Advanced Search

Learn About The Holocaust

Special Collections

My Saved Research




Skip to main content

Children sit at a table in the orphanage at Helenowek.

Photograph | Digitized | Photograph Number: 58180

Search this record's additional resources, such as finding aids, documents, or transcripts.

No results match this search term.
Check spelling and try again.

results are loading

0 results found for “keyward

    Children sit at a table in the orphanage at Helenowek.
    Children sit at a table in the orphanage at Helenowek.


    Children sit at a table in the orphanage at Helenowek.
    Helenowek, Poland
    Photo Credit
    United States Holocaust Memorial Museum, courtesy of Bronek Cyngiser

    Rights & Restrictions

    Photo Source
    United States Holocaust Memorial Museum
    Copyright: United States Holocaust Memorial Museum
    Provenance: Bronek Cyngiser
    Source Record ID: Collections: 2002.138.1

    Keywords & Subjects

    Administrative Notes

    Bronek Cyngiser is the son of Baruch Cyngiser and Noma Maria Milsztajn Cyngiser. He was probably born in April 1933 in Szydlowiec, Poland where his father was a leather merchant. Bronek had an older brother, Janek (b. 1929) and two sisters, Roza (b. 1927) and Lea (b. 1935). The family was relatively assimilated, had many Polish friends and spoke Polish at home. Baruch was mobilized into the Polish army in September 1939 and returned home after more than six weeks. Almost immediately after the German invasion, the Jews were forced into a ghetto. Baruch snuck out to obtain food for his family. In the spring of 1942 Baruch arranged with his Polish friend, Jan Jagiello, to take Bronek out of the Szydlowiec ghetto. Mr. Jagiello brought Bronek to his own house in the village of Krzeciny. Bronek became friends with Mr. Jagiello's granddaughter, Wiesia. She was instrumental in his blending in with other village children. Bronek learned how to herd geese and how to say Catholic prayers. Baruch Cyngiser managed to come and visit Bronek, and sometimes he was accompanied by Bronek's older brother, Janek. On September 23, 1942 the Szydlowiec ghetto was liquidated and more then 5,000 Jews were deported to Treblinka. Among the deported were Bronek's mother and his two sisters. Baruch and Janek managed to flee the ghetto and join Bronek in the Jagiello household. After a very short time they had to leave. They moved to the Przysucha ghetto, which was liquidated already on October 27, 1942. Again, Bronek, his father and brother managed to escape the round up of the Jews and fled to the countryside. They tried to hide near the Radomka River. Baruch Cyngiser was shot and killed during that escape. The two Cyngiser boys returned to the Jagiello farm. For the next two years Bronek and Janek Cyngiser wandered near their hometown of Szydlowiec. They stole potatoes, eggs and chickens. In the summer they slept outside, and in the winter they sought shelter in barns. They were in constant danger of being caught by local peasants. During all these years they always could come back to Jagiello and spend a few days in relative safety. Unfortunately Mr. Jagiello was denounced to the Gestapo and arrested. He was sent to Auschwitz, where he perished. This did not deter Mrs. Jagiello, who was always helpful to the boys. One day Bronek was caught by a peasant, who ordered him to cross himself in order to prove that he is not a Jew. Bronek by mistake crossed himself with his left hand and was taken immediately to the head of the village. He told his story in a believable way and was released. Janek Cyngiser, who was blond and had blue eyes, was able to find shelter, but Bronek, darker in appearance, was often alone in the woods. On January 15, 1945 the Red Army liberated the area, but the two Cyngiser brothers decided to stay and live as peasants. They were approached by Mr. Sztarkman, a representative of a Jewish Central Committee and taken by force to Lodz, where Jews gathered before immigration to Palestine. The boys escaped back to the village and to the Polish family Rajczak. Only in the winter of 1946, Mr. Kagan from the Committee took the boys to a Jewish orphanage in Helenowek, near Lodz. Both brothers declared numerous times that they do not wish to be Jews and prepared clothes in order to flee again, but Bronek eventually adapted to life in the orphanage. He improved his Polish, learned reading and writing and completed technical studies during his military service in Poland. In 1957 Bronek Cyngiser immigrated to Israel. His brother, Janek Cyngiser stayed in Poland until 1969.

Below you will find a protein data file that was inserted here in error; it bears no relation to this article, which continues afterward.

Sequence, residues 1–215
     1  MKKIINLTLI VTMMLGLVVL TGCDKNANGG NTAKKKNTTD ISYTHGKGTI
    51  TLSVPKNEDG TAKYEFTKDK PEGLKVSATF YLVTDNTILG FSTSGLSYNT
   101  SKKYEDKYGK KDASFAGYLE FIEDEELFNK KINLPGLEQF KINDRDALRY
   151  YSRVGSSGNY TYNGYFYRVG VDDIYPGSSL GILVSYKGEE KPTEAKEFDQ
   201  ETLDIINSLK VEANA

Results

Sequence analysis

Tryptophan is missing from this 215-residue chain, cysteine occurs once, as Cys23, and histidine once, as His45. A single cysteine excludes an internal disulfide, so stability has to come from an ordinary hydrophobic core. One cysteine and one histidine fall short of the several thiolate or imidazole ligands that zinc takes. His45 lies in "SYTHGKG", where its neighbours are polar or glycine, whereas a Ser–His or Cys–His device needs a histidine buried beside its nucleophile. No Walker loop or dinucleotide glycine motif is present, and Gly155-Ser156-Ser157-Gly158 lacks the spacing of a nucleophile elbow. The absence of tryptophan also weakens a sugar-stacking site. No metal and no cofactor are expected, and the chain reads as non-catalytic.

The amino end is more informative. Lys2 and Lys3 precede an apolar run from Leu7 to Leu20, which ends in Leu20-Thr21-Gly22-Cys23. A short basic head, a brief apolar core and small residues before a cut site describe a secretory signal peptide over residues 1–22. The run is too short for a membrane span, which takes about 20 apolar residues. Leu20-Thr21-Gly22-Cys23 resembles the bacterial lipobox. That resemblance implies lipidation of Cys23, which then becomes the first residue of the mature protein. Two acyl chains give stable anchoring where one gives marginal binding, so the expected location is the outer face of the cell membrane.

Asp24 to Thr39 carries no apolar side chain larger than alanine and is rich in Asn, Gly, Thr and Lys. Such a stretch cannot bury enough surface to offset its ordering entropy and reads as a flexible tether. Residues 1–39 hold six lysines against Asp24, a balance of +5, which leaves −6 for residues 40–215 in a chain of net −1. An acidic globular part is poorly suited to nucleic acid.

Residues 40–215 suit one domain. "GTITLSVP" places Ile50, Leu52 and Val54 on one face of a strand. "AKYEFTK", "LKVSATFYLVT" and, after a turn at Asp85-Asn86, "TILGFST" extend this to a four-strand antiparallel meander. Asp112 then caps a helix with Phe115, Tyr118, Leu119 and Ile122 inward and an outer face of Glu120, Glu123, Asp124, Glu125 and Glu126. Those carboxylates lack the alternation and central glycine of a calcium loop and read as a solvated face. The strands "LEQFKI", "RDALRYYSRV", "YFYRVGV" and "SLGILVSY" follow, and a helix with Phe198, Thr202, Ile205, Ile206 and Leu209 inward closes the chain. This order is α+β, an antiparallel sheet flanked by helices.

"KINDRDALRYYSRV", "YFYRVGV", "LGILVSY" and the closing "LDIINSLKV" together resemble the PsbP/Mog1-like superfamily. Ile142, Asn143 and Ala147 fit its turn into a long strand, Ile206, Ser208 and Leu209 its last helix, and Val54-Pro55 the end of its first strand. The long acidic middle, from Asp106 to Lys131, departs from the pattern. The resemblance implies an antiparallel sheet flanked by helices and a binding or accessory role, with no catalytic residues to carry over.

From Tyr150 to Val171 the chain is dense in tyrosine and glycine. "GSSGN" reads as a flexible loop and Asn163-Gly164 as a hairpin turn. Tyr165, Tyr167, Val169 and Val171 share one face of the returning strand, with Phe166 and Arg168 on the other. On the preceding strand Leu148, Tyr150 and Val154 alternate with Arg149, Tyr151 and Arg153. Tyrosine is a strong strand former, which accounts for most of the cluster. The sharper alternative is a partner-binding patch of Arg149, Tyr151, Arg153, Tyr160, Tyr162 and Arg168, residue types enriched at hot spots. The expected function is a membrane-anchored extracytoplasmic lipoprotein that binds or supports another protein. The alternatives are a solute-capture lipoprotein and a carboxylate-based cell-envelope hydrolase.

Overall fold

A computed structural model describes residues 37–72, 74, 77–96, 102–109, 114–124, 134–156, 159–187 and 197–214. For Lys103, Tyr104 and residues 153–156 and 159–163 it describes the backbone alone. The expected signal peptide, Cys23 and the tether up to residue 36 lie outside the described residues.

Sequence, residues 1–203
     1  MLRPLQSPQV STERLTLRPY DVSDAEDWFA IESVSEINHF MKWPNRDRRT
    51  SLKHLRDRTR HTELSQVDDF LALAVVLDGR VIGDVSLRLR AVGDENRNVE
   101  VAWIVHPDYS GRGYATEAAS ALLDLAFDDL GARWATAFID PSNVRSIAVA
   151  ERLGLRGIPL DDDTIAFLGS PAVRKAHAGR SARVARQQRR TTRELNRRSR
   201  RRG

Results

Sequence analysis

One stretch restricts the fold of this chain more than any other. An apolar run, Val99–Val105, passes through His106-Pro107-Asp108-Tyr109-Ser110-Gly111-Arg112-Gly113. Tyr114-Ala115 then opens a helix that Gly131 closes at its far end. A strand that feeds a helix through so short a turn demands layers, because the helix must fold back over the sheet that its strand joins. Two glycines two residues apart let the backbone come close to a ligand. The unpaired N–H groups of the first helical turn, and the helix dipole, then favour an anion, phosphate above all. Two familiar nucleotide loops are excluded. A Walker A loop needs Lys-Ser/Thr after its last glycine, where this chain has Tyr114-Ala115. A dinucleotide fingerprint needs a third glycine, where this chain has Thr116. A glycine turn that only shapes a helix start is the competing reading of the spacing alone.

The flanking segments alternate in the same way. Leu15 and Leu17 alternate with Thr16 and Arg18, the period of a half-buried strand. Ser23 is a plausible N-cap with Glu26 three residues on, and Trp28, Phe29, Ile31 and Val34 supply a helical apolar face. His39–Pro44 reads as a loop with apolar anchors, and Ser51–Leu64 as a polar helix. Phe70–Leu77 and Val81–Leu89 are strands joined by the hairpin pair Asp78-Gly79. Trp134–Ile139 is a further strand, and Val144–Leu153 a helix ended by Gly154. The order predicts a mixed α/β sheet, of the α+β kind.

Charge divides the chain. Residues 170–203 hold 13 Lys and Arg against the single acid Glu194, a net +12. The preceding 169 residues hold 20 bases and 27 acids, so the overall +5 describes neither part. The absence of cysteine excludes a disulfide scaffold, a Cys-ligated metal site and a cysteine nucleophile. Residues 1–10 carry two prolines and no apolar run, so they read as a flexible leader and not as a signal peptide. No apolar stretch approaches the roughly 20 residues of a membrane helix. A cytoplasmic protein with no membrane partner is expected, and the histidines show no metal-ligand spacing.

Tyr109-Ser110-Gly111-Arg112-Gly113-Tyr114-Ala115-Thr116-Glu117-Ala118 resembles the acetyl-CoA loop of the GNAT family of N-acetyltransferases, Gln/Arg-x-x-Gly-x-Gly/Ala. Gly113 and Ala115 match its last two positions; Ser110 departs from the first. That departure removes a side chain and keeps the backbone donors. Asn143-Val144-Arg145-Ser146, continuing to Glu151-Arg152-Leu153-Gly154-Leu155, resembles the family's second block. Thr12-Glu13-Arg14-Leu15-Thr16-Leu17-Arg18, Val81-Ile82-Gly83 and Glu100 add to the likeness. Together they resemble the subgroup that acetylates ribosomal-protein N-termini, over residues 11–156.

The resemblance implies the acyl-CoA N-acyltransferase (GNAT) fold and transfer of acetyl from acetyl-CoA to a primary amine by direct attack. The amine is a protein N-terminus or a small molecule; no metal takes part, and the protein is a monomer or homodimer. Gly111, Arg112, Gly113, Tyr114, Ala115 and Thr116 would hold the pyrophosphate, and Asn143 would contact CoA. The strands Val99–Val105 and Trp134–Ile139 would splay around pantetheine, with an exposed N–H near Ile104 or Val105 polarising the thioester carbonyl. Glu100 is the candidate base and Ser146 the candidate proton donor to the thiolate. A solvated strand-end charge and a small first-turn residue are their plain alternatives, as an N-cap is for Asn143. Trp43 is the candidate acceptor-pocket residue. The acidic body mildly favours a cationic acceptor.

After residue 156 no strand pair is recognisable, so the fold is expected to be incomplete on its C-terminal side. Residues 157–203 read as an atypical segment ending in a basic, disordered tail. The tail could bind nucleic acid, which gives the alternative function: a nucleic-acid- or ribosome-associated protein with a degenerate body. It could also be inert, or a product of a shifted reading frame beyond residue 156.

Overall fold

Record last modified:
    2017-12-28 00:00:00
    This page:

    Download & Licensing

    In-Person Research

    Contact Us